At the time, the Fighting Irish were 0-2 and had been outscored 64-13 by Georgia Tech and Penn State. The Spygate query was, at that moment, a welcome respite for Weis, an invitation for levity.
Question: Are you surprised about the allegations against your former team this weekend? Or is gamesmanship part of what goes on in the NFL?
Weis: I'm glad I'm not involved in that scenario at this time (laughter). Though I have placed a couple of phone calls that said, "You brightened up my day and brought a smile to my face." But other than that, I'm not touching that one with a 10-foot pole.
It is time for Notre Dame, and/or Weis, to brandish an 11-foot pole. The 52-year-old head coach has flatly refused to discuss Spygate since that first comment almost 10 months ago. In May, then Notre Dame athletic director Kevin White, who has since accepted the same position at Duke, told the Chicago Tribune, "It's just not a Notre Dame matter."
It most certainly is, and White's exodus does not alter that. Character is always a Notre Dame matter. So why would it not be for the university's highest-paid — and highest-profile — employee? Last April, Weis, addressing an alumni gathering in Gettysburg, Pa., said as much when he told the audience, "I could get hoodlums and thugs and win tomorrow. I won't do it that way."
Last May, for the first time, Weis' name was directly linked to the illegal video machinations of the New England Patriots during the Bill Belichick era. Former video assistant Matt Walsh, speaking to Greg Bishop of The New York Times, mentioned Weis by name half a dozen times. The most incriminating of Walsh's statements was: "I know that we had a quarterback learning the signals and then relaying that information to Charlie, and Charlie would then call it in to the quarterback on the field, through the coach-to-quarterback communication system in the helmet."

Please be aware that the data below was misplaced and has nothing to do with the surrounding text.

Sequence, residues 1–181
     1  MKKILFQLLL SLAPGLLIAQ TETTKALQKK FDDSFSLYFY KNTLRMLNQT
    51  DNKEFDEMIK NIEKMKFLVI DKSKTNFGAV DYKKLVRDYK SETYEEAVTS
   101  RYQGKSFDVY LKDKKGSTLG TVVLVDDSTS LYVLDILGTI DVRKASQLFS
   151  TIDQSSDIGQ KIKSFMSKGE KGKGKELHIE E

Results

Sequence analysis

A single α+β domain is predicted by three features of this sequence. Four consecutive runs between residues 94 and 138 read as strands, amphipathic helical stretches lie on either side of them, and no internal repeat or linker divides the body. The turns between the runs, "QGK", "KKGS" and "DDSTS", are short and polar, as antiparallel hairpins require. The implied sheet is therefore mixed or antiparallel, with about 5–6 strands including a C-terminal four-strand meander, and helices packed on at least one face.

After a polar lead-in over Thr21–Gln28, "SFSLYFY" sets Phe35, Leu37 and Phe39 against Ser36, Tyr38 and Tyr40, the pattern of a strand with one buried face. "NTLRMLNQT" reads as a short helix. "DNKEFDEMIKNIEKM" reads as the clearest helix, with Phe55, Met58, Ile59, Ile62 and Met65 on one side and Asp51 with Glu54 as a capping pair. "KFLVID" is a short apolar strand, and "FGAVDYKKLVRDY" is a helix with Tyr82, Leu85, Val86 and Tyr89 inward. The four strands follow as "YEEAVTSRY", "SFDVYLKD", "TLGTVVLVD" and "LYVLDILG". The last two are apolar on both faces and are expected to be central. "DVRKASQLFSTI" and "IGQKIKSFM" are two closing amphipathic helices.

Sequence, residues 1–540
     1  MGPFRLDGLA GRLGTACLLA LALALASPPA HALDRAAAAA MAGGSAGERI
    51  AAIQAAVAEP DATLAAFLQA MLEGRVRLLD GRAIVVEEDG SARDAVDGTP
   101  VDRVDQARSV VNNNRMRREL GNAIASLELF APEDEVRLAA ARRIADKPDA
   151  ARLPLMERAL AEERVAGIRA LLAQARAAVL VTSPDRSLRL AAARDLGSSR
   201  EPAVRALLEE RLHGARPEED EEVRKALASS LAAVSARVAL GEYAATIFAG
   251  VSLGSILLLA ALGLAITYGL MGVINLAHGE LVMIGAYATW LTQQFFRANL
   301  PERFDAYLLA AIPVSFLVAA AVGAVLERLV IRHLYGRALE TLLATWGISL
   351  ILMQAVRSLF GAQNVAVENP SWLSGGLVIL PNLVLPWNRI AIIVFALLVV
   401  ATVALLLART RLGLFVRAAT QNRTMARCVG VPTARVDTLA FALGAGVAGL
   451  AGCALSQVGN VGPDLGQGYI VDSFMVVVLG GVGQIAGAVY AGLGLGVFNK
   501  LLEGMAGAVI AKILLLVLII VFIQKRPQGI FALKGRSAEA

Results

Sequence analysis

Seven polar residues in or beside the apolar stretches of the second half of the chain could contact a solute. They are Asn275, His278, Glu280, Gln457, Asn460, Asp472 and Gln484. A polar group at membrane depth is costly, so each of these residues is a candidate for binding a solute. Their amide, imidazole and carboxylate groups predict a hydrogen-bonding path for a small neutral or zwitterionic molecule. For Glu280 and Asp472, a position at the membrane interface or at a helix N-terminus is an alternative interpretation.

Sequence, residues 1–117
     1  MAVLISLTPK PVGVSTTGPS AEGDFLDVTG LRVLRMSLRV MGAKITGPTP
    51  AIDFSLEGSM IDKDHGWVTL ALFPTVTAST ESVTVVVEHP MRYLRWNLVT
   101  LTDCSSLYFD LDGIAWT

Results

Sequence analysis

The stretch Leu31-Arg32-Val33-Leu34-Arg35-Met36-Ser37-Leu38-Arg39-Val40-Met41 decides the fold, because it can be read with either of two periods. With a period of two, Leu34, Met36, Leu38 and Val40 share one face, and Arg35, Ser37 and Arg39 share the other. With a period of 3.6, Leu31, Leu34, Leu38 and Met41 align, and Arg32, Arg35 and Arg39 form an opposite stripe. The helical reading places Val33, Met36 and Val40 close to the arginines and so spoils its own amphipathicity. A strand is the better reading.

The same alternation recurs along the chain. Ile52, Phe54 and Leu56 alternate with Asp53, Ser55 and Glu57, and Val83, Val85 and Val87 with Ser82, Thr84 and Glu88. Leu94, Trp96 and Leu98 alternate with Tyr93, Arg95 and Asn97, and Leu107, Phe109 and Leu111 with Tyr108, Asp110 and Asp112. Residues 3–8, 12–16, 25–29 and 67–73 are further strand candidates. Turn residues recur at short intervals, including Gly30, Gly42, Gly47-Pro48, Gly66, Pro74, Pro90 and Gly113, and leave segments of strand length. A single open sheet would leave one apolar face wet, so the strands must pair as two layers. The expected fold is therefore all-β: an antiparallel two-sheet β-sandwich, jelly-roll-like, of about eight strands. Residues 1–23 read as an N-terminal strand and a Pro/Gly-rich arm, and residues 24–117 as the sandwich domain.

It could be that Walsh, who was fired by the Patriots in 2002 after two seasons, was lying. Or maybe he misinterpreted the role that his footage played in New England's game preparation. As Stacey James, the Patriots' executive director of media relations, declared in a statement later that week, "Matt Walsh was a video operator. For him to attempt to speak with any authority on the process of coaching, play-calling, or the decisions made by offensive or defensive coordinators is an embarrassment."
Then again, what if Walsh was telling the truth? And what if his rudimentary understanding of his role in this process is accurate?
First of all, Spygate is not a matter of gamesmanship. It is not a question of allowing the grass to grow unchecked to Everglades-length for two weeks before Reggie Bush and Southern Cal visit. Of concealing a surgical procedure performed on the No. 1 high school recruit in the nation. The NFL does not dock a franchise and its coach a cumulative $750,000 and a first-round draft pick for gamesmanship.
Then again, Charlie Weis was not the head coach during his 2000-2004 tenure with New England. Bill Belichick was. Weis was only the offensive coordinator. In an interview with CBS News' Armen Keteyian back in May, Belichick made it clear that he alone should be held responsible for "misinterpreting" the NFL's rules regarding videotaping.
There exists no smoking gun, no tapes, no evidence that might link any video shenanigans or obviating of NFL rules that Weis allegedly benefited from in New England with any of his or his staff's actions in South Bend. However, by refusing to address the issue, Weis and the Irish allow room for scrutiny. To quote Thomas Cromwell in A Man For All Seasons, "This silence was not silence at all, but most eloquent denial."
Brian Kelly hasn’t been comfortable naming a starting quarterback after the unexpected exit of Everett Golson, but Keith Arnold writes that Kelly has made a final decision and Tommy Rees will be the Irish starting quarterback, at least heading into fall camp.
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